The oxygen reduction reaction (ORR) is a fundamental reaction for energy storage and conversion. It has mainly relied on platinum-based electrocatalysts, but the chemical doping of carbon-based materials has proven to be a promising strategy for preparing metal-free alternatives. Nitrogen doping in particular provides a diverse range of nitrogen forms. Here, we introduce a new form of nitrogen doping moieties —sp-hybridized nitrogen (sp-N) atoms into chemically defined sites of ultrathin graphdiyne, through pericyclic replacement of the acetylene groups. The as-prepared sp-N-doped graphdiyne catalyst exhibits overall good ORR performance, in particular with regards to peak potential, half-wave potential and current density. Under alkaline conditions it was comparable to commercial Pt/C, and showed more rapid kinetics. And although its performances are a bit lower than those of Pt/C in acidic media they surpass those of other metal-free materials. Taken together, experimental data and density functional theory calculations suggest that the high catalytic activity originates from the sp-N dopant, which facilitates O2 adsorption and electron transfer on the surface of the catalyst. This incorporation of chemically defined sp-N atoms provides a new synthetic route to high-performance carbon-based and other metal-free catalysts.

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This study was supported by the National Science Fund for Distinguished Young Scholars (no. 21325105), the National Natural Science Foundation of China (nos 21590795, 21401199, 21790050 and 21790051), the National Key Research and Development Program of China (2016YFB0600903 and 2016YFA0200104), the Chinese Academy of Sciences (CAS) Interdisciplinary Innovation Team, a Australian Research Council (ARC) Discovery Project (no. 160104817) and the Foundation for State Key Laboratory of Biochemical Engineering. The authors also thank H.D.Xia. for the testing and analysis of the TG–DTA–MS system.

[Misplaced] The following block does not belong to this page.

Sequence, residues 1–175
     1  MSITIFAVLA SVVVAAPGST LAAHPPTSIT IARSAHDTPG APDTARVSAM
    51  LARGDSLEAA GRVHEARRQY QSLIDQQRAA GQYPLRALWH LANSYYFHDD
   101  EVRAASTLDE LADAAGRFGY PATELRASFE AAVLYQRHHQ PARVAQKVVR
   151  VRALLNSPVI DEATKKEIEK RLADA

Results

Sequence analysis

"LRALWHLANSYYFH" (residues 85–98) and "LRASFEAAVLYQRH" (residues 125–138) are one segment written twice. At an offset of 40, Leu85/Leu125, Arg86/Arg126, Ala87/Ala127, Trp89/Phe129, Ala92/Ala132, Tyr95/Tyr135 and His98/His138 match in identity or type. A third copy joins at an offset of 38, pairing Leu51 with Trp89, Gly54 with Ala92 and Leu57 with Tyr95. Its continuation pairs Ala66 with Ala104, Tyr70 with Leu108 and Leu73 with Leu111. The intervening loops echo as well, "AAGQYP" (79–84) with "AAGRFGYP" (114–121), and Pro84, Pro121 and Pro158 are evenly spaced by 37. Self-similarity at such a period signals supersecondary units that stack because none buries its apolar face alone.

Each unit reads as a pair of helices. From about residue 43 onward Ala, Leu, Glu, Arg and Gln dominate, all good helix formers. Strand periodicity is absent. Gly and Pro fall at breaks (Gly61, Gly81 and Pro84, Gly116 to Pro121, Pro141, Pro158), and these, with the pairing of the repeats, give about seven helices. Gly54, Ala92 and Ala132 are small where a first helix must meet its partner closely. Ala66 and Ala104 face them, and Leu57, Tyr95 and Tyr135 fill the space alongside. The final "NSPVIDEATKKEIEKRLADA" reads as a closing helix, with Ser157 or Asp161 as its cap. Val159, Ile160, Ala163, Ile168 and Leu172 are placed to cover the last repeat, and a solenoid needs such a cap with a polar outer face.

Author information


  1. State Key Laboratory of Biochemical Engineering, CAS Center for Excellence in Nanoscience, Institute of Process Engineering, Chinese Academy of Sciences, Zhongguancun, Beijing, China

    • Yasong Zhao
    • , Jiawei Wan
    • , Lijuan Zhang
    • , Nailiang Yang
    •  & Dan Wang
  2. MIIT Key Laboratory of Critical Materials Technology for New Energy Conversion and Storage, School of Chemistry and Chemical Engineering, Harbin Institute of Technology, Harbin, China

    • Yasong Zhao
    •  & Kaifeng Lin
  3. Key Laboratory of Theoretical and Computational Photochemistry of Ministry of Education, Department of Chemistry, Beijing Normal University, Beijing, China

    • Huiying Yao
    •  & Jia Zhu
  4. Qiangdao University of Science and Technology, No.53 Zhengzhou Rd, Qingdao, Shandong, China

    • Lei Wang
    •  & Dan Wang
  5. National Synchrotron Radiation Laboratory, CAS Center for Excellence in Nanoscience, University of Science and Technology of China, Hefei, Anhui, China

    • Daobin Liu
    •  & Li Song
  6. Institute of Physics, Chinese Academy of Sciences, Beijing, China

    • Lin Gu
  7. Department of Chemistry, Tsinghua University, Beijing, China

    • Lei Liu
  8. Centre for Clean Environment and Energy, Gold Coast Campus Griffith University, Southport, Queensland, Australia

    • Huijun Zhao
    •  & Dan Wang
  9. CAS Key Laboratory of Organic Solids, Beijing National Laboratory for Molecular Sciences (BNLMS), Institute of Chemistry, Chinese Academy of Sciences, Beijing, China

    • Yuliang Li


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D.W. conceived the idea and supervised the research. Y.L. provided the BGDY sample. Under the instruction of D.W., Y.Z. modified the BGDY and further performed doping, basic characterizations and catalyst testing. L.S. and D.L. performed the XANES experiments and analysed the data. L.G. characterized the HAADF and EELS images of NFLGDY. J.Z. and H.Y. performed theoretical calculations. L.Z. assisted the implementation of the calculations. L.L. assisted with the analysis of the N-doping mechanism of NFLGDY. D.W., Y.Z., N.Y., J.W. and Y.L. analysed and discussed the experimental data and drafted the manuscript. Y.L. and H.Z. improved the writing of the manuscript. K.L. and L.W provided some useful suggestions.

Competing interests

The authors declare no competing interests.

Corresponding authors

Correspondence to Nailiang Yang or Jia Zhu or Yuliang Li or Dan Wang.

Supplementary information

  1. Supplementary Information

    Supplementary characterization and calculation details, Supplementary Figures 1–31, Supplementary Tables 1–6

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